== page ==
Strawberry Hill House is now a popular visitor destination, complete with a cafĂ© in Walpole’s Great Cloyster, which opens on to the beautiful gardens. You can get married there and there are fetes and events for children and families. Walpole may not have approved of the children (they were specifically forbidden from visiting when he lived there) but he would otherwise have been pleased to see his Gothic fantasy still delighting visitors in exactly the way he originally intended. Pleased and surprised: he was not building for posterity and, indeed, his detailed cataloguing of the contents of the house was done because he anticipated that his collection would be broken up.

It would be a strange fascination he wrote … to expect that a paper fabric and an assemblage of curious trifles, made by an insignificant man, should at last or be treated with more penetration and respect than the trophies of a palace … [T]he following account of pictures and rarities is given with a view to their future dispersion.

The collection was, indeed, broken up, but thanks to Walpole’s meticulous cataloguing, we can recreate at least an impression of what it must have once been like and, more importantly, we can walk again in the rooms that he built to house it.

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Tom Williams is the author of His Majesty's Confidential Agent, which has just been published by Accent Press. Most of it is set in Argentina, which was convenient for him as his main interests are tango and street skating and Buenos Aires turns out to be a really good place to do both of them. Tom writes about 19th century history, Argentina and tango on his blog.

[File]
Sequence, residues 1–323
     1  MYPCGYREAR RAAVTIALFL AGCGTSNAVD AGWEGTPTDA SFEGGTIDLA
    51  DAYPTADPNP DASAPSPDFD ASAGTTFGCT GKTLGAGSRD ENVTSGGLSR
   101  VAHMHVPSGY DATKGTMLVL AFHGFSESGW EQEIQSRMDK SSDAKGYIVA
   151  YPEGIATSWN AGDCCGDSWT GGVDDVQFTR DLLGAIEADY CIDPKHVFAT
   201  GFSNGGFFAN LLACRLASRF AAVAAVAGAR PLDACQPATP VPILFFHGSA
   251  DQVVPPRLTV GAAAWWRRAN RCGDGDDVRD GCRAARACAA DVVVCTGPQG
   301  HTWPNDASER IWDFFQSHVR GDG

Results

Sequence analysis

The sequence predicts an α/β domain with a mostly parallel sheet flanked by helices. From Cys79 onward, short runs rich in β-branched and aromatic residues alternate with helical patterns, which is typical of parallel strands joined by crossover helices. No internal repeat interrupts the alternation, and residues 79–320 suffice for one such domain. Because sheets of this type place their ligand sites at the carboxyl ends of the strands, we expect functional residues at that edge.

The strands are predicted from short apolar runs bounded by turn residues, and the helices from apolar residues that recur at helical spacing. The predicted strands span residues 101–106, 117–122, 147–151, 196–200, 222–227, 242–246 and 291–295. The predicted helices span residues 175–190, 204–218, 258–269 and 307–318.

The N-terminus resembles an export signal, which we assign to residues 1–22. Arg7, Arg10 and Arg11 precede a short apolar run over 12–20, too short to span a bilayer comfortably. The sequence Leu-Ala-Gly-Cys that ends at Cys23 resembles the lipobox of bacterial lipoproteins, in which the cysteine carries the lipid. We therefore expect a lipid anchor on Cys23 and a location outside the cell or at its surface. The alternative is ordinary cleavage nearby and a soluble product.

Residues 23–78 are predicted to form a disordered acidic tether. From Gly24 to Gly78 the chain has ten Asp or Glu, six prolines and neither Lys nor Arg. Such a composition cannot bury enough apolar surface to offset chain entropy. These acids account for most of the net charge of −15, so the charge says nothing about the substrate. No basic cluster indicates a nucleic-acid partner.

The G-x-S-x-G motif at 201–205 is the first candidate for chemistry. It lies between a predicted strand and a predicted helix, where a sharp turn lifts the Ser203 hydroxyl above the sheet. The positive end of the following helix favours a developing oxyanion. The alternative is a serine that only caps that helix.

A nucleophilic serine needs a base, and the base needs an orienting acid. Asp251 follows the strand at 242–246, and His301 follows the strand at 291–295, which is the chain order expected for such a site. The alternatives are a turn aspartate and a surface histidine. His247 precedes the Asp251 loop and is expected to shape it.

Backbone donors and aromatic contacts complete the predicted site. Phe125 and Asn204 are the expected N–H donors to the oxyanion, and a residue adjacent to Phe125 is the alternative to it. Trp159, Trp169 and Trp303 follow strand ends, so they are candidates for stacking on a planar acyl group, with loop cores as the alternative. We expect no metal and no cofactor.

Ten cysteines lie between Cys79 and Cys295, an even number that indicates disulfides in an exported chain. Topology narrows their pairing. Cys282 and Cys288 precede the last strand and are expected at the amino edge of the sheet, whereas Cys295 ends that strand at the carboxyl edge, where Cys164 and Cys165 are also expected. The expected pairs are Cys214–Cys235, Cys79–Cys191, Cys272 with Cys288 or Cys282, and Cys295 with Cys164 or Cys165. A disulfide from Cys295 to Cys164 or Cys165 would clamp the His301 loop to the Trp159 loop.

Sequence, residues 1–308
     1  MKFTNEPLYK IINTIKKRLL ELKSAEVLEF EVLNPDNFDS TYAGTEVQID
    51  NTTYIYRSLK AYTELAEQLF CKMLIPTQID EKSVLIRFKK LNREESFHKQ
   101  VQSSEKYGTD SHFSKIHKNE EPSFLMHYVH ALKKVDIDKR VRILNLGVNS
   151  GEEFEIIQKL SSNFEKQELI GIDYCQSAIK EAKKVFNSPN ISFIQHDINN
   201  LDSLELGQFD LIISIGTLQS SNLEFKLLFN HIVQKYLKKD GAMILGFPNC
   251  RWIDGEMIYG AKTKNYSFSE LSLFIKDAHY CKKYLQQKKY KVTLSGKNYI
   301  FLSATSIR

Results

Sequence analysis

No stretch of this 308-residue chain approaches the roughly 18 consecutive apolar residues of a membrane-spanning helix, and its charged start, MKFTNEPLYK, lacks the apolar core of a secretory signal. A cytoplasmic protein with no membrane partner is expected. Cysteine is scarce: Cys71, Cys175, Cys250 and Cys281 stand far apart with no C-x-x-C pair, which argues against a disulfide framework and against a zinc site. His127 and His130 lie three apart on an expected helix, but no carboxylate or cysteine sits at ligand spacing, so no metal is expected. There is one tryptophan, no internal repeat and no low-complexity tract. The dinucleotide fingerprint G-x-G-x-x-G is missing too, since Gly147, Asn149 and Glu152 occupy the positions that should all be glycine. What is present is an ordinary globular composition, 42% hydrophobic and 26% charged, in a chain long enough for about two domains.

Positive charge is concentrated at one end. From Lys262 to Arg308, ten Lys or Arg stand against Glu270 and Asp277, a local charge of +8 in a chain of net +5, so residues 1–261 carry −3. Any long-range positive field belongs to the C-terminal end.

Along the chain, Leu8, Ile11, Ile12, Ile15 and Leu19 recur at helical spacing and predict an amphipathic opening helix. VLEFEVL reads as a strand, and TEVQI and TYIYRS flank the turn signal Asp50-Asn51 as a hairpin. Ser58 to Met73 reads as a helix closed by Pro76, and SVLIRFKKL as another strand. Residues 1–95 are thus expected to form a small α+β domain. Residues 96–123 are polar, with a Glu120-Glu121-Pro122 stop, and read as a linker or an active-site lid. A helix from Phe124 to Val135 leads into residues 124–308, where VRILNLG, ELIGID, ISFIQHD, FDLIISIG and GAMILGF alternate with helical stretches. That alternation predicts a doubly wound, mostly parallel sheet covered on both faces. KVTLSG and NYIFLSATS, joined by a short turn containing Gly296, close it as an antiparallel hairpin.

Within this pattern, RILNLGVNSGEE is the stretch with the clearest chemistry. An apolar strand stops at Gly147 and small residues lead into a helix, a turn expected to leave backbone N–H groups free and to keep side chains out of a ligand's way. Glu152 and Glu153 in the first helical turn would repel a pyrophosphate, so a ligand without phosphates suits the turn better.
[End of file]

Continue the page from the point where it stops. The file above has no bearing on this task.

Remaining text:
His Majesty's Confidential Agent is a Napoleonic War spy story. The hero, James Burke, was a real person who lied and spied for Britain. There's skulduggery and battles and beautiful women. Swashes are buckled and bodices ripped as Burke fights and intrigues his way from the jungles of Haiti, through the court of the Spanish king, to a bloody climax in Buenos Aires. James Bond meets Richard Sharpe in a tale that is rooted surprisingly firmly in historical fact.



2 comments:

  1. I found this quite intriguing. The history of the house and information on the architecture and collevtion is very interesting.